|Back cover magazine|
'Textiles' is one of the first historical forms of art. Today there is a vast amount of Textile Art being produced and the medium still shows its diversity in all its forms in all sorts of businesses. The use of textiles and other flexible materials in art has aesthetic, functional and sustainable benefits. 'Textiles' is not only called the ‘fifth construction’, textile art sweeps away the 2-dimensional limitations of painting, replacing it with the texture, colour and vibrancy which can only be achieved through fiber-art.
‘Textiles’ is a passion for Ida Broekhart. Wondering why, she discovered in her family tree tailors and textile sellers. Her young Russian grandfather could still travel to Paris in the first years of the revolution, buying textiles to sell in the family store on her mother’s side. And even Ida’s daughter Nadîja Broekhart, performer and artistic director, has the drive to create and make costumes for her street theatre group ‘Hipsick Unusual Theatre’.
Rotterdam region based Broekhart loves colours and she has a great admiration for the bold colour use of textile artist Sheila Hicks. Ida’s favourite artist however, is Wassily Kandinsky, most of all because of his sophisticated use of colours and shapes. Kandinsky’s Bauhaus textile artists group and their use of non-traditional materials has been an important influence. Their materials were mixed and build with textiles to challenge people’s perception.
Ida, a former teacher, uses her intuition and listens to the inner voice. She has always been attracted to the mystery and magic of life and finds astrology, psychology and symbols highly interesting and inspiring. The ideas of 'Eastern' philosophy guide her. So if you ask what inspires her she will answer it is from the supernatural, but at the same time Ida must admit that sometimes there is no clue at all. Take the ‘Post War Couple’ blue matter paintings. It took her a while to understand that it was about her parents and their post war trauma’s.
Guided by the idea of reincarnation, the intergenerational balance and the responsibility humans carry are important issues. Working with recycled materials has been an important topic for her creations. Most of the materials used are purchased at local markets and in ‘junkshops’. On her quests the materials will inspire her. Basic materials can be industrial waste, scrap textile, old knitted jumpers, and rejected strings of wool, pre-owned dolls and vintage buttons from factory stock clearances. Like a beachcomber she also looks for stuff in the surrounding woods, along the river-side and on the North Sea beach. All places in cycling distance. She collects, selects and one day it will be transformed into something new. Due to unusual combinations such as plastic with wool, faggots with buttons, her work results in a dynamic type of art which links the past to the present.
A recurring theme in her abstract work is the fairy atmosphere. Ida grew up in a small village surrounded with wasteland overcrowded with wild flora and birds. A small paradise. Her parents came back from the Second World War’s 'Arbeitssatz’ and started ‘penniless’ a family in a religious village with strong values. As a highly sensitive child she started cycling along the surrounding meadows, when her father made her a white cycle from scrap. The happy feeling unlocked her free spirit. That connection with ‘nature’ gave structure and developed in her teens by visiting her grandmother in the Caucasus Mountains of the former USSR.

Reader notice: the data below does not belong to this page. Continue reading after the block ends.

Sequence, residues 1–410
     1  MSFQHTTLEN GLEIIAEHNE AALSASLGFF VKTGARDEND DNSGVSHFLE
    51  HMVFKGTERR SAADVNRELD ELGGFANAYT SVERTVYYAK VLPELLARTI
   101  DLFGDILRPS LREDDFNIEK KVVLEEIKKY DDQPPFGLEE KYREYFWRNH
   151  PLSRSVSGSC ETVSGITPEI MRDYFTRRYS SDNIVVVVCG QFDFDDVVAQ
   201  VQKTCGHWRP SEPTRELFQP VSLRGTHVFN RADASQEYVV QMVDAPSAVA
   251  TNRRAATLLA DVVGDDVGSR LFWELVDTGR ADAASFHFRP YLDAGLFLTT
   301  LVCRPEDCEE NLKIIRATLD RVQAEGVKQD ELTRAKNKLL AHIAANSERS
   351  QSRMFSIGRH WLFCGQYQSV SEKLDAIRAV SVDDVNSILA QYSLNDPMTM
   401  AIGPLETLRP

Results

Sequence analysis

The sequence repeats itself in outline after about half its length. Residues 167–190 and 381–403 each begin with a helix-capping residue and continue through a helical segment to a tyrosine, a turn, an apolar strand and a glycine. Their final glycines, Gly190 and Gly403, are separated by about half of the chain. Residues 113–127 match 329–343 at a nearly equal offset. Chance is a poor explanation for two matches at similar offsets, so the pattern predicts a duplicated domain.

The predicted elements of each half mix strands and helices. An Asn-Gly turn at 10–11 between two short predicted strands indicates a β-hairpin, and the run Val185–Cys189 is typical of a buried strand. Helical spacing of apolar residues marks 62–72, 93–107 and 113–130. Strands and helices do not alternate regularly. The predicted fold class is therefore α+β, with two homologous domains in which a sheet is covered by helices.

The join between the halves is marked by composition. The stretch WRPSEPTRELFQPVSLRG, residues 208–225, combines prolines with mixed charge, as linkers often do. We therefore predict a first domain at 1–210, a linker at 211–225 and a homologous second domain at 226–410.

In her early twenties a friend invited her to beautiful Scotland, where she participated as a summer student textile composer in an arts-collective. The remote nature of Scotland was food for her soul. Her Scottish friends took her to places nobody visited. The fairy atmosphere started to become a theme. Later her travels to countries like Bangladesh, India and Nepal added to her fascination. The stillness of nature helped to discover inner beauty, inner peace and the understanding of herself. Her ideas developed and different projects became reactions to images in her fantasy world. Themes remained consistent. It was just the way that they are portrayed that may have changed.
As a full time working divorced mother her fairies became city-girls, as she started teaching young adults with big-city-problems. Yellow wall-hanging doll ‘Nimbus’ represents a passionate individual who carries the peculiarities of the ‘waste’ society. The doll believes in animal-welfare and interacts in the dream world. All wall-hangings, life-sized dolls, matter paintings and sculptures seem to communicate with the viewer. A non-violent kind of communication.
For decades her art is influenced by positive emotions and inspiration. This feeling is fundamental to Broekhart as an artist. Art is a world one can travel to. It is a place away from the outside world. The shapes and fabrics tell stories, sometimes personal and sometimes universal.
Like all artists Ida Broekhart appreciates recognition. Some of her art pieces were selected for the book ‘Textile is Alive’. A colourful book full of inspiring textile art from the Netherlands and Belgium, published by ‘Ellen Bakker Publisher ‘and sold all over the world. And recently the Dutch Aquarian Foundation has selected textile object ‘Supernova’ for their catalogue ‘Artworks for Water', 47 works by international artists.
In August Ida’s work will be part of a large textile artist’s exhibition in 3 historic villages of Twente from 30 July to 10 August. All invitees have works published in the book ‘Textile is Alive’. The exhibition with 20 locations is organized by chief curator of museum Bussemakerhuis in Borne, a historic village in the eastern part of the Netherlands.